To give a simple ‘yes’ or ‘no’ would be a matter of perspective. But I think few would disagree that it’s a way more socially acceptable gamble for someone with $100,000 in the bank than for someone with only $2,000. And they would have to borrow $8,000 to make the bet.
- In the above scenario, the first person is likely making a profitable investment (low risk).
- The latter is making an unnecessary and dangerous gamble (high risk).
I think a lot of poker’s negative social stigma comes from tales of people like the second person in this example.
In relevant terms, this person doesn’t manage their bankroll, has poor financial management and/or doesn’t play poker well.
- These kinds of players have a high risk of ruin and are likely to lose.
- They fuel the negative stereotypes and scare stories.
- They made my mum so concerned when I told her I’d decided to play poker full time.
What About Skill?
Of course, one of the most significant differences between poker and most other forms of ‘gambling’ is the prevalence of skill. Whereas there is a lot of luck and chance in a poker hand, this reduces significantly as the sample of hands increases.What About Skill in Poker?
Poker players can get defensive when people try to dismiss poker as " gambling". Many outsiders see poker with the same negative social stigma attached to skill-less casino games like roulette and craps.
Players spend countless hours working on their poker strategies. So, this comparison feels like an injustice.
It’s a frustrating discussion to have with poker muggles. The importance and complexity of poker strategy aren’t apparent until you immerse yourself in the game.
The ‘poker is luck’ chant is where the whole ‘is poker gambling’ debate gets heated.
May the Odds Forever Be in Your Favour
A solid place to draw the line between socially acceptable gambling is to look at casinos and sportsbooks. Both are business establishments rather than gambling halls.
But many dismiss the people that use their facilities as ‘gamblers’.
- So, what separates the house from the punters?
- Why is one considered socially acceptable when both parties are required to gamble?
- What’s the difference?
As far as I can see, there are two main differences. (We can argue whether casino jobs and facilities have a positive impact on communities another day):
1: The house edge. The most significant difference between a casino and a gambler is the house's edge. In every game that runs, the casino is a favourite to win. It’s the certainty that casinos depend upon.
2: Their risk of ruin. Casinos are typically huge enterprises with a lot of money. The table limits and maximum bets ensure that they have an extremely low risk of ruin. In reality, the biggest threat to a casino is a lack of action.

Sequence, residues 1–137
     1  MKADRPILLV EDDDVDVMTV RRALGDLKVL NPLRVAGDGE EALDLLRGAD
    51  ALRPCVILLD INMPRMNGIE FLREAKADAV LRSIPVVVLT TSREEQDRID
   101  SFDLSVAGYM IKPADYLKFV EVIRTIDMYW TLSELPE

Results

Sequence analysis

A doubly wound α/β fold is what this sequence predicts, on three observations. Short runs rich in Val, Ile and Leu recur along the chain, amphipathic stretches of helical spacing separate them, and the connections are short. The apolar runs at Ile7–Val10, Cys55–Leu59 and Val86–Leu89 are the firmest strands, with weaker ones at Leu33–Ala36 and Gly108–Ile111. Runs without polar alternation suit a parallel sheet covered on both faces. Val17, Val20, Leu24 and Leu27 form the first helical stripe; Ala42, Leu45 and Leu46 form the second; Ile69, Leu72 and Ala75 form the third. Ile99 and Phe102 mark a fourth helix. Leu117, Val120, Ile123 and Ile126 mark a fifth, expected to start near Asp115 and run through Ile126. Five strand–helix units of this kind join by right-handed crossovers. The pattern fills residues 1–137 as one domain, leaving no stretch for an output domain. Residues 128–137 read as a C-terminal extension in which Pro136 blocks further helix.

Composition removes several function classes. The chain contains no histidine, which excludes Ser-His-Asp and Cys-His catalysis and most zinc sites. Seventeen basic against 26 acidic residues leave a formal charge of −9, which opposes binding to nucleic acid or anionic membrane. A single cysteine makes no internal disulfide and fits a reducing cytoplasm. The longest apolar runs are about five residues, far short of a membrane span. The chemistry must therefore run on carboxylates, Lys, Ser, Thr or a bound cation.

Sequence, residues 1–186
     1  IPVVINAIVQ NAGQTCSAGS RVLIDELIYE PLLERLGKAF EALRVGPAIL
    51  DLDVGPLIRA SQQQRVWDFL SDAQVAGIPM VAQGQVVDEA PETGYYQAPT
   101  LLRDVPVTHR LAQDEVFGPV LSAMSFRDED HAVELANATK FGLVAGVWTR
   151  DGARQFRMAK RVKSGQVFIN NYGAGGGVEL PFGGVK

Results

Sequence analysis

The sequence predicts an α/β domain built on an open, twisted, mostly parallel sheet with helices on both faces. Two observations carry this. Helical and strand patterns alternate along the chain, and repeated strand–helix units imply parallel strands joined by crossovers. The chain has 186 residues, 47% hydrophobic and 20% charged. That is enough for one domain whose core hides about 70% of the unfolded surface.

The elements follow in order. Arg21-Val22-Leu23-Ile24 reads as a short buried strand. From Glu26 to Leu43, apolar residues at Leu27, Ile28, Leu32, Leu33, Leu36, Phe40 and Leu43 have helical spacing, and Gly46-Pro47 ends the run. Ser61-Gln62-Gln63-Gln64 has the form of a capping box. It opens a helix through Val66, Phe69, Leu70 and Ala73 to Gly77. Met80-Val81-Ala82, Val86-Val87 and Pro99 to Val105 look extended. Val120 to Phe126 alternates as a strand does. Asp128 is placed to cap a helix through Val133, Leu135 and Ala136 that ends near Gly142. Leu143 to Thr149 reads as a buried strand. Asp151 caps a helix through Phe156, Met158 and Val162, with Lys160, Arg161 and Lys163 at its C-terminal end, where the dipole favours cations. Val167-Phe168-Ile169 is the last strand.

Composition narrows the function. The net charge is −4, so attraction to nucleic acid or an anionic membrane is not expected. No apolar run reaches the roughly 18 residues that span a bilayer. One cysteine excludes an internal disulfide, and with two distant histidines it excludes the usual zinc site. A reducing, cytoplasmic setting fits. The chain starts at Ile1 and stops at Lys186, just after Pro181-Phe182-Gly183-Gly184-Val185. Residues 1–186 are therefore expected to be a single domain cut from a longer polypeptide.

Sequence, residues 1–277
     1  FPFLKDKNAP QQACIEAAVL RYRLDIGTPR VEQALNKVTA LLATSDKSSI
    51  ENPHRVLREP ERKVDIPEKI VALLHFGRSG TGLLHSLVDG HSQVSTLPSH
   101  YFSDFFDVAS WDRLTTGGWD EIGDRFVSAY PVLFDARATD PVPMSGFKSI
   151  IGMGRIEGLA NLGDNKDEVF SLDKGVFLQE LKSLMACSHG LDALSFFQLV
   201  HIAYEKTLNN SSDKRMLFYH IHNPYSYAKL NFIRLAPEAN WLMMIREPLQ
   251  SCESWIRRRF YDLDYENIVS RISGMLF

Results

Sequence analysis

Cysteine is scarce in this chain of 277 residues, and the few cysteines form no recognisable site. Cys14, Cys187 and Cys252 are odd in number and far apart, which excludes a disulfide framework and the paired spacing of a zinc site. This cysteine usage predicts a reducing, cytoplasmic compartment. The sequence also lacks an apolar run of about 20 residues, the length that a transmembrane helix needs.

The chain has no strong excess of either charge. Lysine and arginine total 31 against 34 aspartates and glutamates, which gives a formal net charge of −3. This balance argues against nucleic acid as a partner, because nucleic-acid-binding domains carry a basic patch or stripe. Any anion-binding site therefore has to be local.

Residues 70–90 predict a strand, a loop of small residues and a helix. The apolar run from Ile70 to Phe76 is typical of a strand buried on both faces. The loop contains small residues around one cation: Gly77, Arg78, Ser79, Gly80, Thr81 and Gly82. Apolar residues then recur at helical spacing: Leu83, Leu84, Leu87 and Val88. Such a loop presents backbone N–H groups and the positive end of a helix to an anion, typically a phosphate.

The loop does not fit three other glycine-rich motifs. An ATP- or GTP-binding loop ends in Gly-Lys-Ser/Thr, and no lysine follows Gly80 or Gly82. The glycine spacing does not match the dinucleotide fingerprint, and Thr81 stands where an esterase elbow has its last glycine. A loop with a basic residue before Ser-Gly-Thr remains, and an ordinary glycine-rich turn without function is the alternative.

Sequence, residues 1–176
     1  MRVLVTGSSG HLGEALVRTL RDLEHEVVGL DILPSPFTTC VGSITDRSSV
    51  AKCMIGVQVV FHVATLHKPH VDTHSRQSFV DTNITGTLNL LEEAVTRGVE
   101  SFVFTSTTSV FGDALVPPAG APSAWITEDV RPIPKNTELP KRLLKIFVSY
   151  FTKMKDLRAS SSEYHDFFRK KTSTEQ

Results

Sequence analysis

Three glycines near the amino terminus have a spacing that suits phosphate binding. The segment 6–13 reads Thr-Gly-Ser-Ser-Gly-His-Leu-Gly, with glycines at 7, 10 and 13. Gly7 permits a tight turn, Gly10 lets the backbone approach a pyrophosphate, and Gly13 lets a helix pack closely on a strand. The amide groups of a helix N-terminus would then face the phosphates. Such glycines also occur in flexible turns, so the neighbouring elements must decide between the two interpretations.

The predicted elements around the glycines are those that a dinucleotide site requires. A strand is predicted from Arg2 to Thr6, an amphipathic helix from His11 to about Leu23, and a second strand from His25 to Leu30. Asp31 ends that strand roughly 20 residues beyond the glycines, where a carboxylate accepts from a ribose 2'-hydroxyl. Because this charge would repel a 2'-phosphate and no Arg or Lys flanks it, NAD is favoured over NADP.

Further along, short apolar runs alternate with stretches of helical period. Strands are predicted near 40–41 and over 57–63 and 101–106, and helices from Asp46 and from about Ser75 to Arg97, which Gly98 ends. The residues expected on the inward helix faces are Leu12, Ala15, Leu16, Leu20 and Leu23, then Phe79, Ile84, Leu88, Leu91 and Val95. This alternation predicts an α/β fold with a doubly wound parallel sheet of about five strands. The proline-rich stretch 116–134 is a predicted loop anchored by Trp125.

With this in mind, it seems that good poker players have a lot more in common with a casino than regular "gamblers".
- If they manage their bankroll correctly and choose their opponents well, they minimise their risk of ruin.
- They squeeze out an edge on every hand they play.
- They're gambling against their rivals in the same way the house does.
Wall Street Poker Players
Casinos offer a great comparison between good winning players and gambling. But they don’t fit the majority of poker players who are either big or small losers.
In my mind, the most appropriate comparison between poker and gambling is in the stock market. I’m no Jordan Belfort, But I know enough about investing to see that the best investors are those that have an edge over the rest.
Wall Street Poker Players
Whether from inside knowledge or a superior analytic program, the most skilled investors will typically make the most money.
- In a casino, the house edge is more rigid (like in roulette, for example).
- But the results in the stock market are more proportionate to an investors knowledge and skill.
So, it is possible to beat the stock market with good decisions. But even perfect decisions can never overcome a casino's house edge.
More than that, the unstable nature of the stock market gives investing the same thrill and adventure that you find in poker. You can never replicate this thrill in a casino where you bet with a known disadvantage.
So, do I think poker players are gamblers? Unquestionably, yes. But good players are gambling the same way a casino or investing expert does, with the odds in their favour.
In poker, skill pays. What can be wrong with that?